On the Necessity of the Incarnation — Irenaeus

31.So then He united man with God, and established a community of union 88 between God and man; since we could not in any other way participate in incorruption, save by His coming among us. For so long as incorruption was invisible and unrevealed, it helped us not at all: therefore it became visible,89 that in all respects we might participate in the reception of incorruption. And, because in the original formation of Adam all of us were tied and bound up with death through his disobedience, it was right that through the obedience of Him who was made man for us we should be released from death: and because death reigned over the flesh, it was right that through the flesh it should lose its force and let man go free from its oppression. So the Word was made flesh,90 that, through that very flesh which sin had ruled and dominated, it should lose its force and be no longer in us. And therefore our Lord took that same original formation as (His) entry into flesh, so that He might draw near and contend on behalf of the fathers, and conquer by Adam that which by Adam had stricken us down.

32.Whence then is the substance of the first-formed (man)? From the Will and the Wisdom |99of God, and from the virgin earth.91 For God had not sent rain, the Scripture says, upon the earth, before man was made; and there was no man to till the earth.92 From this, then, whilst it was still virgin, God took dust of the earth and formed the man, the beginning of mankind. So then the Lord, summing up afresh this man, took the same dispensation of entry into flesh, being born from the Virgin by the Will and the Wisdom of God; that He also should show forth the likeness of Adam’s entry into flesh,and there should be that which was written in the beginning, man after the image and likeness of God.93

33.And just as through a disobedient virgin man was stricken down and fell into death, so through the Virgin who was obedient to the Word of God man was reanimated and received life.94 For the Lord came to seek again the sheep that was lost;95 and man it was that was lost: and for this cause there was not made some other formation, but in that same which had its descent from Adam He preserved the likeness of the (first) formation.96 For it was necessary that Adam should be summed up in Christ, that mortality might be swallowed up and overwhelmed by immortality; and Eve summed up in Mary, that a virgin should be a virgin’s intercessor, and by a virgin’s obedience undo and put away the disobedience of a virgin.97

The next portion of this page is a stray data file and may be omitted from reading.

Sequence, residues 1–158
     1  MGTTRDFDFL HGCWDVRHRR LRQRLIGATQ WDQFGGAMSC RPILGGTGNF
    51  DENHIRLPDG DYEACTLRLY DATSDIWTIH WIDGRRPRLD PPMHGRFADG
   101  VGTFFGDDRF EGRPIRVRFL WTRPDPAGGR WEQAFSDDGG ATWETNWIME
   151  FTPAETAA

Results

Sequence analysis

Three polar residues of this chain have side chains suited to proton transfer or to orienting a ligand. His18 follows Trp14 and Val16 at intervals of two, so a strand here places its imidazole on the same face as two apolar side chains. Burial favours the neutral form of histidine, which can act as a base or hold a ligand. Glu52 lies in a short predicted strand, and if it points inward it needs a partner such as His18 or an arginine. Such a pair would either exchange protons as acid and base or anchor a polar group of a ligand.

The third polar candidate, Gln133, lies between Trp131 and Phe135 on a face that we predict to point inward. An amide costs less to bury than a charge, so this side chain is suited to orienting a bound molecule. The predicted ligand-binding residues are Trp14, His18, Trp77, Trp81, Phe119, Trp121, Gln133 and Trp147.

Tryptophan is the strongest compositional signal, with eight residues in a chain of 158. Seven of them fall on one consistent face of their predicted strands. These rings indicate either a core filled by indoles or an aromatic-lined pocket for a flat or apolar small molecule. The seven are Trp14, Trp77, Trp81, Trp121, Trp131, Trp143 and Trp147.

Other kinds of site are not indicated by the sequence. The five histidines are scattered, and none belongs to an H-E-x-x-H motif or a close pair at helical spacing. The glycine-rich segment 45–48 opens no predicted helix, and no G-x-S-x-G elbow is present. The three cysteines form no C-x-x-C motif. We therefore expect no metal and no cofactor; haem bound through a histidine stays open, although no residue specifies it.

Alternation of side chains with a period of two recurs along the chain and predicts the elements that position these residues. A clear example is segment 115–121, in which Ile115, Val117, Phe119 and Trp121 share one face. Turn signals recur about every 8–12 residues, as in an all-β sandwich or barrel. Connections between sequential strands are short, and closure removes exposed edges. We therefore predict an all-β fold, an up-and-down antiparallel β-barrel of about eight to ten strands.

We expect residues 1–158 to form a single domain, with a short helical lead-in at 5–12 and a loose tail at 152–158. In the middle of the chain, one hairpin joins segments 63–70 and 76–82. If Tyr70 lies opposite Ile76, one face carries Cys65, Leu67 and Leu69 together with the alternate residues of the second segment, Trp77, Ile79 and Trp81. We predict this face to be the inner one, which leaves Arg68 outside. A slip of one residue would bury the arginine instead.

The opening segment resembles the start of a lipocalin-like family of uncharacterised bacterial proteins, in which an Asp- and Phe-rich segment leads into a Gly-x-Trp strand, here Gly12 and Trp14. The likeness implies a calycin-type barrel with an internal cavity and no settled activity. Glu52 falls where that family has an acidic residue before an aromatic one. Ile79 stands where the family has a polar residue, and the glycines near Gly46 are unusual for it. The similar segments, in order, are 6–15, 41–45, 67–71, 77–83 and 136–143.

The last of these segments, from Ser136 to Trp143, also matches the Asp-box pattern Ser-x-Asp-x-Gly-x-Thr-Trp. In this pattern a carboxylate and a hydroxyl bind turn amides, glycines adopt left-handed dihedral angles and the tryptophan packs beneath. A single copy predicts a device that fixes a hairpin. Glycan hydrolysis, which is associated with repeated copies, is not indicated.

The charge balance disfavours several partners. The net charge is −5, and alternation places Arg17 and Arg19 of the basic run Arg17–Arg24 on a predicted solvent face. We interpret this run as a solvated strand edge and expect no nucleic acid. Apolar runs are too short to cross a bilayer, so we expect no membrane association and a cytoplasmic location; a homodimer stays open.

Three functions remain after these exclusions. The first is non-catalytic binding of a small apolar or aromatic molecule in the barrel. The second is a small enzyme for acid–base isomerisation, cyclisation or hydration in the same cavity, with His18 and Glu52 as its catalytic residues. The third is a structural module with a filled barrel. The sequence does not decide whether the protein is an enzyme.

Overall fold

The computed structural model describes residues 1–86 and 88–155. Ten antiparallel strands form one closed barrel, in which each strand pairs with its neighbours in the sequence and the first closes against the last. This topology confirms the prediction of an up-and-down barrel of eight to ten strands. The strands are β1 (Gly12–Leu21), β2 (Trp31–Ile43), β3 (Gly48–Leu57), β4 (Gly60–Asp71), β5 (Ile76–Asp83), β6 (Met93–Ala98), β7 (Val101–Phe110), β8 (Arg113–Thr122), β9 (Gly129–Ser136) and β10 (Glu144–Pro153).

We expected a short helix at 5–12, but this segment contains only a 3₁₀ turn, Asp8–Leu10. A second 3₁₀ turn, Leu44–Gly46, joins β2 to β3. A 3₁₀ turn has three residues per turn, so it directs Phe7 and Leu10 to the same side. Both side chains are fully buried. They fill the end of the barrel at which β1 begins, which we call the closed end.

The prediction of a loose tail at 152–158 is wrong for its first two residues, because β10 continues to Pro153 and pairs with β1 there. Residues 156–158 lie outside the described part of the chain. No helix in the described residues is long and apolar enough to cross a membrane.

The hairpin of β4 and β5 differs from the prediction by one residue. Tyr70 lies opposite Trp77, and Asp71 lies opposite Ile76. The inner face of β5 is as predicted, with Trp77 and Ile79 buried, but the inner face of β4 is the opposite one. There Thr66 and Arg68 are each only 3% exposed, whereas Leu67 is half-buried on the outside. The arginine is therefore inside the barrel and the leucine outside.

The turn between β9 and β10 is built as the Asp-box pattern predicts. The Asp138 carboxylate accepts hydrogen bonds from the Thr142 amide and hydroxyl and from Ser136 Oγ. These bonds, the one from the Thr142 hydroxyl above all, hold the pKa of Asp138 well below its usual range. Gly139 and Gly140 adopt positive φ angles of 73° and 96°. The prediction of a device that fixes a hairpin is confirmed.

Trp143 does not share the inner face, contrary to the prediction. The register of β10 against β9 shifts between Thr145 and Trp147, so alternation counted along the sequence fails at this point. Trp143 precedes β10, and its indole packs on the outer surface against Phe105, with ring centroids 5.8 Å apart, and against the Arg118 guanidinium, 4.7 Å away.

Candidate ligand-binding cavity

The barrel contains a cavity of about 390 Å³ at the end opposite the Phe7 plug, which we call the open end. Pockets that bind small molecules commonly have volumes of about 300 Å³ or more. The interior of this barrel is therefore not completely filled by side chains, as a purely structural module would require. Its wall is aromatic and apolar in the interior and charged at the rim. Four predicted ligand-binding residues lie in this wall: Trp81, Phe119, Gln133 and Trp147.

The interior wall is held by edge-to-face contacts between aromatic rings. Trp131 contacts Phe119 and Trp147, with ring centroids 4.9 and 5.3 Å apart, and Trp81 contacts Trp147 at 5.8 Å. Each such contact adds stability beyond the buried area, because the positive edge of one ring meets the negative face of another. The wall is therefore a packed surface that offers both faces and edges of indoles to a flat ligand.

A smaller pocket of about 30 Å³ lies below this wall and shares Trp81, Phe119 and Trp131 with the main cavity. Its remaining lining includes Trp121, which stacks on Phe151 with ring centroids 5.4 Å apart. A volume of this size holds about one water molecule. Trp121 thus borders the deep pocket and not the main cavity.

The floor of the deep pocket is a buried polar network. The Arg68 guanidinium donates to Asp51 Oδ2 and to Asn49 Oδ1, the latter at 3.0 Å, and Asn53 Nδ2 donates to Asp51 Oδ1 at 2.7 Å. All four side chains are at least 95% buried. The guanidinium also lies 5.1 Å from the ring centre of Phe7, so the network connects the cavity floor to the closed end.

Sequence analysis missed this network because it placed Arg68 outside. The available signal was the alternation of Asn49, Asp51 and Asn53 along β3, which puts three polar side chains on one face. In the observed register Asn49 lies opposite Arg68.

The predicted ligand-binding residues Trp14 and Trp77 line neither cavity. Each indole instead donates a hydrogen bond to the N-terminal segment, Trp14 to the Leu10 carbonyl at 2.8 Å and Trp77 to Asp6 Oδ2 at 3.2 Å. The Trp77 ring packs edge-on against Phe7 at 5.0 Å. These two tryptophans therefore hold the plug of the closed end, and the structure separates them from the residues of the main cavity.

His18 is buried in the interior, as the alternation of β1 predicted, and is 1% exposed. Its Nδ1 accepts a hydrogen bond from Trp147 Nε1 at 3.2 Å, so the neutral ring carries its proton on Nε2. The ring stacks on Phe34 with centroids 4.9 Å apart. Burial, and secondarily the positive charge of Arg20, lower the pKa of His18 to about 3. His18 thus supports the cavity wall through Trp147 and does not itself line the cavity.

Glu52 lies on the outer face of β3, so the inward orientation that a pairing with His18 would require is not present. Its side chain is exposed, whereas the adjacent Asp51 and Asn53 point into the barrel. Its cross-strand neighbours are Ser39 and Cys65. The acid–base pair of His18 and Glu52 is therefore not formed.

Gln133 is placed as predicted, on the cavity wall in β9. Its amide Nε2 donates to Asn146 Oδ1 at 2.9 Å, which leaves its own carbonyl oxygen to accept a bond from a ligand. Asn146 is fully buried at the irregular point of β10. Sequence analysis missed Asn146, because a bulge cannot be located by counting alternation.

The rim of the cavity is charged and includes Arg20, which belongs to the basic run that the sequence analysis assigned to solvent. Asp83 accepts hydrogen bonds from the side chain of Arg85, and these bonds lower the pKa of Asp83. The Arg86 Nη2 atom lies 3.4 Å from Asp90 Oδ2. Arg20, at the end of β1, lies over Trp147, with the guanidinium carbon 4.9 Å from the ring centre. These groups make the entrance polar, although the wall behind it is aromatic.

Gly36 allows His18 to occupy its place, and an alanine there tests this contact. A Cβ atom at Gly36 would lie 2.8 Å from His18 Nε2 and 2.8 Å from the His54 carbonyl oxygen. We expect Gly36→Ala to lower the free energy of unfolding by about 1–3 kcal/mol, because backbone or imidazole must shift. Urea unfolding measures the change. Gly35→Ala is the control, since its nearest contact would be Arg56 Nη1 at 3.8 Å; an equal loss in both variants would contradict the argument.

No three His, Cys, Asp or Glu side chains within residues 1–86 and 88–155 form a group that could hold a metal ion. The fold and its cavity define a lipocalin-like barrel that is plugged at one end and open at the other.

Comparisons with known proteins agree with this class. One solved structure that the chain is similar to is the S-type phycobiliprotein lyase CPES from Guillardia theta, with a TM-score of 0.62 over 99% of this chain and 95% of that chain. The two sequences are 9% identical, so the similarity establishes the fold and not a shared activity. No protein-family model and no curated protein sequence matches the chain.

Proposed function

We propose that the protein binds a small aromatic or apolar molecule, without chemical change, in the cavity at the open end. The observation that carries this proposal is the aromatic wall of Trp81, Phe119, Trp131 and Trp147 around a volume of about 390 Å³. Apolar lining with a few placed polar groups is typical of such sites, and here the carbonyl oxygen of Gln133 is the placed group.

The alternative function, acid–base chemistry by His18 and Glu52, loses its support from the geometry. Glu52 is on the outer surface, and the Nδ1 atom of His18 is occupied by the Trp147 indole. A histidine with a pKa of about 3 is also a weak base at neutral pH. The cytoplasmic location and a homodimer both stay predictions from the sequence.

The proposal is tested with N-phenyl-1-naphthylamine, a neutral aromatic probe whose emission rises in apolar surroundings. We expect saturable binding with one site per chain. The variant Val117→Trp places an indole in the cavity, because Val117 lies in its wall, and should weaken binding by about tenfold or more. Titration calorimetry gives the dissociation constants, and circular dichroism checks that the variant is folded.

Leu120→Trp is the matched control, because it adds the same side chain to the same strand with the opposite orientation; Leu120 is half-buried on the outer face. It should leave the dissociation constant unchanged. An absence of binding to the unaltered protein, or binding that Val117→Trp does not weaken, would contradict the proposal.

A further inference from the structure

—————-

  1. For this double rendering see above c. 6.
  2. Cf. 2 Tim. i. 10: …
  3. John i. 14.
  4. Almost the same words are here used as in III, xxx. I.: … Cf. III, xix. 6: also Ephraim’s Commentary on the Diatessaron (Moesinger, p. 21): “In Virginis conceptione disce quod qui sine conjugio Adamum ex virginea terra protulit, is etiam Adamum secundum in utero virginis formaverit.” Cf. also Tertullian, De carne Christi, 17; Firmicus Maternus, De errore prof. relig., 25.
  5. Gen. ii. 5.
  6. Gen. i. 26.
  7. The same parallel is worked out in III, xxxii. 1, and V, xix. 1. It is found earlier in Justin Martyr (Dial. 100), and later in Tertullian (De carne Chr. 17).